EagleHerald Staff Writer
MENOMINEE—Mayor Jean Stegeman delivered her annual “State of the City” address at Tuesday’s City Council meeting.
“The last year has brought us events to celebrate as well as those that tried us, all of which were overlaid by the continuing COVID pandemic. As a community we continue to persevere and adapt to our collective situation,” she said.
Stegeman said some of the most notable successes for the city in the last year include the completion of various road projects, purchase of major equipment such as a replacement for the sewer vactor, a police vehicle and radios. She said Spies Public Library replaced a rooftop HVAC unit and turbidity meters, which measure the cloudiness of water often caused by the amount of air particles contained in water, were purchased for the Water Treatment Plant.
“The most observable success, which would not have been possible without the John Henes Foundation and the efforts of Johanna and Tom Lewis, was the complete replacement of the old beach house with an impressive new structure that will be utilized by residents and visitors for generations,” Stegeman said.
She said the Lewises also helped to fund the replacement of the walking bridge just behind the new beach house as well as other improvements to the ponds around the park. “The City of Menominee is blessed to be a recipient of such bountiful philanthropy, which to date is just under a total of $780,000,” she said.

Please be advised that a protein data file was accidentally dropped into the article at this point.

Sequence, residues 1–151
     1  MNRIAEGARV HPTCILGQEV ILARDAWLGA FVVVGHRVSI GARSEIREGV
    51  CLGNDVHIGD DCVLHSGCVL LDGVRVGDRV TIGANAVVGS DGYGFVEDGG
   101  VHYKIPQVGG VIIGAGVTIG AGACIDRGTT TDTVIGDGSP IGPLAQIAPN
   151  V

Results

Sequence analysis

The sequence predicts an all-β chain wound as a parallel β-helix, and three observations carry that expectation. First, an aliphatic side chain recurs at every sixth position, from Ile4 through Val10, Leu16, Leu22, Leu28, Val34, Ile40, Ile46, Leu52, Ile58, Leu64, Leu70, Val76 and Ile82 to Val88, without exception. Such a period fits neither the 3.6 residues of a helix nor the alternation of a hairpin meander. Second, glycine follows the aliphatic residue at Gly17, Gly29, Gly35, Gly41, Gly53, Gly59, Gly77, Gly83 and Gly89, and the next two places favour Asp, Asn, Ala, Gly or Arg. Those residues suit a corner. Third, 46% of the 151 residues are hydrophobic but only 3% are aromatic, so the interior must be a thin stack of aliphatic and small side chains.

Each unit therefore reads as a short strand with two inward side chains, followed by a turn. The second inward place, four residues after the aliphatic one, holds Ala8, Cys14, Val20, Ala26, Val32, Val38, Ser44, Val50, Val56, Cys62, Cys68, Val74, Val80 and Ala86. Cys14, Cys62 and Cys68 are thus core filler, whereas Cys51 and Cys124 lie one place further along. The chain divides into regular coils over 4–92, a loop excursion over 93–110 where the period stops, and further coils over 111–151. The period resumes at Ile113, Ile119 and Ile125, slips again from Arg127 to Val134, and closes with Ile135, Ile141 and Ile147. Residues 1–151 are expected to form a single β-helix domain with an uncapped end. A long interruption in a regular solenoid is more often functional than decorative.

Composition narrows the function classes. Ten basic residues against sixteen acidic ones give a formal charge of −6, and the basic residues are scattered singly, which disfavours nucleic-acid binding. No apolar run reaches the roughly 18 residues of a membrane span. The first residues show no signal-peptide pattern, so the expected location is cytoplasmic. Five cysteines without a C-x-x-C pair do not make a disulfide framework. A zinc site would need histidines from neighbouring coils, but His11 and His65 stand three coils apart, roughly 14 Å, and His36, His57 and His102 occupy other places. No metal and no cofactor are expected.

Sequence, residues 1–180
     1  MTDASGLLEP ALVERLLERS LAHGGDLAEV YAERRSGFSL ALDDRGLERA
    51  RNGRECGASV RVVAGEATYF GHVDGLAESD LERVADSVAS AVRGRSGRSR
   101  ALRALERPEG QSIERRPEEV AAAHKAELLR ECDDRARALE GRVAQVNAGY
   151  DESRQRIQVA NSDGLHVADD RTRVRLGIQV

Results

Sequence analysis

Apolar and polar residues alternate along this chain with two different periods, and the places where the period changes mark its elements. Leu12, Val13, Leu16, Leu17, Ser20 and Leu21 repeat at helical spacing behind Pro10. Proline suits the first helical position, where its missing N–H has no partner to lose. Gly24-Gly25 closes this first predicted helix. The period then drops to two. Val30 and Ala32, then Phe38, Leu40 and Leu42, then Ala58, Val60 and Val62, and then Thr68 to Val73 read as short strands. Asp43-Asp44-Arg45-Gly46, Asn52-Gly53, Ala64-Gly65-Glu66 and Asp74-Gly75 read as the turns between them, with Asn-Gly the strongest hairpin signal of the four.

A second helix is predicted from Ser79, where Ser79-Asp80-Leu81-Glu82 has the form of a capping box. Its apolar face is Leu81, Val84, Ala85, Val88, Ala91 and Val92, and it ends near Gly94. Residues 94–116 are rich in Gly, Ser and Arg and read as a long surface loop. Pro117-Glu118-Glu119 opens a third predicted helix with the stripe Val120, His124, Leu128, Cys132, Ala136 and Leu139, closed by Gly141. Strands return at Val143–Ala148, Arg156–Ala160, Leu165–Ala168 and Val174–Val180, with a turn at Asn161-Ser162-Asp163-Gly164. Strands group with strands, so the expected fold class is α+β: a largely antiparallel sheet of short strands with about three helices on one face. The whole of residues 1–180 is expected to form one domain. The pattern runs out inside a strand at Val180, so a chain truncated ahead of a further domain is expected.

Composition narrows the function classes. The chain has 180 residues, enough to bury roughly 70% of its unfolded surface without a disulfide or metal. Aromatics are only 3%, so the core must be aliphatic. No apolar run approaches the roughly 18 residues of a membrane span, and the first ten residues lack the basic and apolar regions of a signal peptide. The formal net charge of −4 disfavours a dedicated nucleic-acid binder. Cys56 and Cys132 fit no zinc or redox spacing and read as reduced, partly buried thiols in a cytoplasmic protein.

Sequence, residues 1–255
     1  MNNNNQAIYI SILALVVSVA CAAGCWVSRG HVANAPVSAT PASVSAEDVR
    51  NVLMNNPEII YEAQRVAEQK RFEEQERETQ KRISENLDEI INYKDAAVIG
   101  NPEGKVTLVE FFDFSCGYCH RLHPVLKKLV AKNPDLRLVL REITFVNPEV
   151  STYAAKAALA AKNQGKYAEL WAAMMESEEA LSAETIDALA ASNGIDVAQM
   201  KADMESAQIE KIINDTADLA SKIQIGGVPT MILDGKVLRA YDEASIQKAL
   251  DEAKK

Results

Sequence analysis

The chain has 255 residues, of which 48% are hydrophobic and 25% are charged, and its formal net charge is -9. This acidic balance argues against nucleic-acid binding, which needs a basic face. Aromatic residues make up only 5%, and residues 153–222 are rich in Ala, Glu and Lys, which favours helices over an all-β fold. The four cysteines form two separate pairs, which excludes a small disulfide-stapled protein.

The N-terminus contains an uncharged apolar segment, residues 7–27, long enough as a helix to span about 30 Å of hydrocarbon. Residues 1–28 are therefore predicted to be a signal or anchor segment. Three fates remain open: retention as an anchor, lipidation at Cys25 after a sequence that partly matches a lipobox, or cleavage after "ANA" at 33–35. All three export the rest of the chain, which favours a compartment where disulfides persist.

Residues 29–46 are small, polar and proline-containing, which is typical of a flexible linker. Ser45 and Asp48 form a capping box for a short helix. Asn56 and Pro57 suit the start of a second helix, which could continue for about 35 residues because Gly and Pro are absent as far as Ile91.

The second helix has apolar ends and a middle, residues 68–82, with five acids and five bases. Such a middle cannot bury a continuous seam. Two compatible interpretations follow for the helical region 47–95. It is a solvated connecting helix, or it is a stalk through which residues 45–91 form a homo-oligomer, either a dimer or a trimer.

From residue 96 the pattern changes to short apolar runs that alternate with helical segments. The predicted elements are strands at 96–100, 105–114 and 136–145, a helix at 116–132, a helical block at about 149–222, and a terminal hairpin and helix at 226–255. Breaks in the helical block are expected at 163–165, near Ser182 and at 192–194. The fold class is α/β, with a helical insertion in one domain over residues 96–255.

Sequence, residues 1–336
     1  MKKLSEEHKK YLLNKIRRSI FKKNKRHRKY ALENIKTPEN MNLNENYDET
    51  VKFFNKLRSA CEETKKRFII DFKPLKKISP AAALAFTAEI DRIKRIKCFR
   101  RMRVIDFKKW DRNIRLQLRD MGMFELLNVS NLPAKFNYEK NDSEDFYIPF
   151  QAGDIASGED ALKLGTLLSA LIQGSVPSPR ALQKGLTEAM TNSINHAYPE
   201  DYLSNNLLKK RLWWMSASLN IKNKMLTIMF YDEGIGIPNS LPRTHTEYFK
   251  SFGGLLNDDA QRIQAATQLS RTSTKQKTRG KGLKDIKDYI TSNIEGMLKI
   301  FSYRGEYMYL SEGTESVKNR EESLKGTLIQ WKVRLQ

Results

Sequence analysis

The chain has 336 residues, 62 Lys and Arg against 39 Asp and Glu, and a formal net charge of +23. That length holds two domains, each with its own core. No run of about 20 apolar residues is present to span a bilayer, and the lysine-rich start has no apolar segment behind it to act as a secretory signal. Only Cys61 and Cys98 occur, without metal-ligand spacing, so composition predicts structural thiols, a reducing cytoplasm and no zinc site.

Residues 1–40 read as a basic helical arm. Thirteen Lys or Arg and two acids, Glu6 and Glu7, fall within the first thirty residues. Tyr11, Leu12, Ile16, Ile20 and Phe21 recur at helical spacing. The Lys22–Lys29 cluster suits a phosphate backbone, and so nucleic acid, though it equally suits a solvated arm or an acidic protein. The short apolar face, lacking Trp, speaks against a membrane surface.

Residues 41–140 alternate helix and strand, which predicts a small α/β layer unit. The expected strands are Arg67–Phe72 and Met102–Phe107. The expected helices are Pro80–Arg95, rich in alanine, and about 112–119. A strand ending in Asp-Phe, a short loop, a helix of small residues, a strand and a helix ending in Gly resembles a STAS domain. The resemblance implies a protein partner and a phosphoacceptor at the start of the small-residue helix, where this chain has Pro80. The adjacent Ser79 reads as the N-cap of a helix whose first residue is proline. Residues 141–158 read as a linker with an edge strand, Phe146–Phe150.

Stegeman also highlighted some high points for the city that weren’t as publicly noticeable, including a clean, unqualified audit from Joe Berlin of Cambridge and Co. “During his presentation, he commented on the professionalism of Clerk/Treasurer Kathy Brofka and her team. While the audit firms have changed over the years, the report has not, and we should not take for granted the work of our department head and her staff,” she said.
She also highlighted the work done by City Assessor Peg Bastien, whose work earned the city a perfect AMAR (Audit of Minimum Assessing Requirements) score in the assessing department.
“During the last year we have relied heavily on City Attorney Mike Celello of the firm Mouw & Celello in the arduous undertaking of drafting ordinances necessary for opting into the legalized sale of marijuana in the City of Menominee,” she said. “This issue evoked strong feelings within the community, however it appeared to the council that we should accept the legalization trend that is sweeping the country. Therefore we carefully crafted new ordinances to govern the process, and the permit-issuing process will begin in the coming months.”
Stegeman also highlighted the retirement of several long-time city employees, including Library Director Cheryl Hoffman and Cemetery Foreman Tom LaFleur. “We wish them both a long, happy retirement, and welcome their incoming replacements,” she said.
Speaking on the Menominee Police Department’s K-9 program, Stegeman said so far $82,000 in donations have been raised, with a total of $26,000 in expenses so far. She said two officers have been trained to handle the new police dog, who has been named Dash.